After that came what is the prime of period of European football in the competition’s history. Between 2008 and 2014, the Champions League winner was actually the best team in Europe. European champions were also champions of their domestic leagues, (with the exception of Chelsea in 2012 and Real Madrid last season) while there were three trebles in this period (there had been four in 52 years before 2009).
This graceful period may now be over.
In turn though, that era of dominance may give way to an era of competitiveness.
The factors dictating that are many, but one key one exist. While finances are rarely evenly spread, the induction of the Financial Fair Play rules may affect hugely how the Champions League develops.
Firstly, it will lock the most resourceful clubs at the top. As such, whereas spending will be limited, it is those with the money who will spend the most regardless.
Hierachy of Favourites
Therefore, this creates a so called hierarchy of favourites. At the top is around six or seven teams for whom spending has assured their status. Barcelona, Bayern Munich and Real Madrid, as well as PSG, Manchester City and Chelsea find themselves here.
Below them is a group of teams who may get close but will have to do even more if they are to become European champions. As much as their squads look illuminated, the likes of Borussia Dortmund, Atletico Madrid, Arsenal and Juventus have to dig very deep to pose a serious challenge.
Of course, this second tier is best explained by the manner in which the last two Champions League Finals have ended. Whereas Dortmund and Atletico started the Finals brightly, they were in the end undone in the last minute by either the determination of Sergio Ramos or the individual brilliance of Arjen Robben.
By then however, the might of Bayern and Madrid had already started showing. Their superiority was not in question and there was no argument as to who were the better side over the course of the game. This indicates at the slight but clear difference between the top tier and secondary tier.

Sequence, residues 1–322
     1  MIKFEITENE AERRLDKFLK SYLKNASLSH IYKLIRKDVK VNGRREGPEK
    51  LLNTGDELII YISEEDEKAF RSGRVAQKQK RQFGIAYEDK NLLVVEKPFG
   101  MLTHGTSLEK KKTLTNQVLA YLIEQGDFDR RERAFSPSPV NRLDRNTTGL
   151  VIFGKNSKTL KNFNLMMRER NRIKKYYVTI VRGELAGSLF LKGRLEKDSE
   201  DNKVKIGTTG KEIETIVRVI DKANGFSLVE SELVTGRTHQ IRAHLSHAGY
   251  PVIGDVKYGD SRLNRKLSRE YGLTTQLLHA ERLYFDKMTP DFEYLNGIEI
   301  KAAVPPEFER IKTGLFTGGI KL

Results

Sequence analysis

Below the secondary tier is a group of teams fighting to get into the second tier (the likes of but not limited to Benfica, Porto, Monaco, Roma, Liverpool and Zenit) while there are teams who can only comprehend getting to the knockout rounds as significant success (APOEL Nicosia, RSC Anderlecht etc.).
The meat of the Champions League is however at the top, and this is where most of the quality and action (and money) is concentrated.
A New Era
What is most intriguing however is what the eventual consequences of FFP will be. Already during the past transfer window, some deals did not go through due to threat of these sanctions. Presumably, PSG did not acquire Angel Di Maria and Real Madrid baulked at the figures quoted by Falcao and his representatives.
It means that these two went to Manchester United — a team not in the Champions League this season. Indirectly, it does show what the paramount effect of FFP might be. Without the freedom to spend as increasingly as used to, teams will be weary.
That does not mean that spending will go lower (or rather, the perception of spending as Gabriel Marcotti argues). Instead though, the greatest players around the world will get distributed among various teams across Europe.
This may thus assure competitiveness in some sense. For that reason thus, the Champions League season of 2014-2015 may be the start of things. The era of super favourites is gone. But among the superclubs, there will be much jostling for Europe’s crown.